Yikes. I'm not convinced that roof painting is a slippery slope toward geoengineering. But Yglesias is right that these ideas have been gaining traction. John Holdren, one of President Obama's top science advisors, told the AP in April that we might consider sending pollution particles into the atmosphere to deflect the sun's rays before they reach earth. Even though this method could have dangerous side effects, Holdren said, "we might get desperate enough to want to use it." And the US responded to a 2007 report by the United Nations Intergovernmental Panel on Climate Change with a statement saying that "modifying solar radiance may be an important strategy" to battle climate change. 

Hasn't anyone else seen The Simpsons? Anyone?

Can Jet Stream Winds Power The World?

| Mon Jun. 15, 2009 4:27 PM EDT

There's enough power in high altitude winds to power all of modern civilization. A new study in Energies analyzes where the best winds flow.

Obviously, the jetstream powers along like a jet. At 30,000 feet, winds are far steadier and 10 times faster than winds near the ground.

A variety of tech schemes have been proposed to harvest this energy, including tethering kitelike wind turbines into the jetstream. Current designs could generate 40 megawatts of electricity and transmit it to the ground via the tether.

So where do the Earth's jet streams run most strongly and consistently? The researchers assessed wind power density from 28 years of data, taking into account wind speed and air density at different altitudes. The highest wind power densities appear in the polar jet streams:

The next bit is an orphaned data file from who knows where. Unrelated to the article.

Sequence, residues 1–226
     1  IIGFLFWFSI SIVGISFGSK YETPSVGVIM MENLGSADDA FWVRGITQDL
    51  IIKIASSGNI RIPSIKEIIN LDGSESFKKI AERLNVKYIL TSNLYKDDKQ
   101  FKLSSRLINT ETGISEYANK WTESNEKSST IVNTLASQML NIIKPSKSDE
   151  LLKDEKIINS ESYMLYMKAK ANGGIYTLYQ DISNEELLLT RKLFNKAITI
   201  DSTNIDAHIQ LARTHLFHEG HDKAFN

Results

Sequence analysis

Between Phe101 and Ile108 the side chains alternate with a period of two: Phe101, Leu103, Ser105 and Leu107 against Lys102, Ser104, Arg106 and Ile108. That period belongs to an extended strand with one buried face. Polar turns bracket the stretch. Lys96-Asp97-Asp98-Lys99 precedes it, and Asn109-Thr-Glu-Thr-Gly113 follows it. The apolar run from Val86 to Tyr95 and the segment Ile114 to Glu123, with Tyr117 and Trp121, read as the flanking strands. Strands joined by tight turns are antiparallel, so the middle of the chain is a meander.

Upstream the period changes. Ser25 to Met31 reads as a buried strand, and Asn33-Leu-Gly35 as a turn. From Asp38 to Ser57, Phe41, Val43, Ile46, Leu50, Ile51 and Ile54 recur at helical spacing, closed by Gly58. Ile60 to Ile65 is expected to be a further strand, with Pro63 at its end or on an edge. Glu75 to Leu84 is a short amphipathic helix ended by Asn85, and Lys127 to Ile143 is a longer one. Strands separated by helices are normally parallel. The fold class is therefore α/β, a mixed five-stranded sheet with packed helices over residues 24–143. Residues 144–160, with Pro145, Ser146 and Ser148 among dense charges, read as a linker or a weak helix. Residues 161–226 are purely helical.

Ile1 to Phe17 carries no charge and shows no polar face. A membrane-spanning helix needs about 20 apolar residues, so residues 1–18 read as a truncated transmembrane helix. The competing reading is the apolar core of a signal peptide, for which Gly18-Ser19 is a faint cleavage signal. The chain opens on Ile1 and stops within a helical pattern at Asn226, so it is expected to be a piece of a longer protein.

• over Japan and eastern China
  • over the eastern coast of the United States
  • over southern Australia
  • over north-eastern Africa

The median values in those places were greater than 10 kilowatts per square meter. Even the best winds on the ground generate less than 1 kilowatt per square meter.

Of five major citites assessed, Tokyo, Seoul, and New York have enormous potential. (New York claims the highest average high-altitude wind power density of any U.S. city, about 16 kilowatts per square meter.) Tropical Mexico City and Sao Paulo are rarely affected by the polar jet streams, and just occasionally by the weaker subtropical jets, so their wind power densities are lower.

However, even the powerhose citites get windless times about 5 percent of the time. Which means we'll need back-up power, or massive amounts of energy storage, or a continental or even global electricity grid to make it work. 

Worldwide infrastructure? Worldwide cooperation? Or War of the Winds?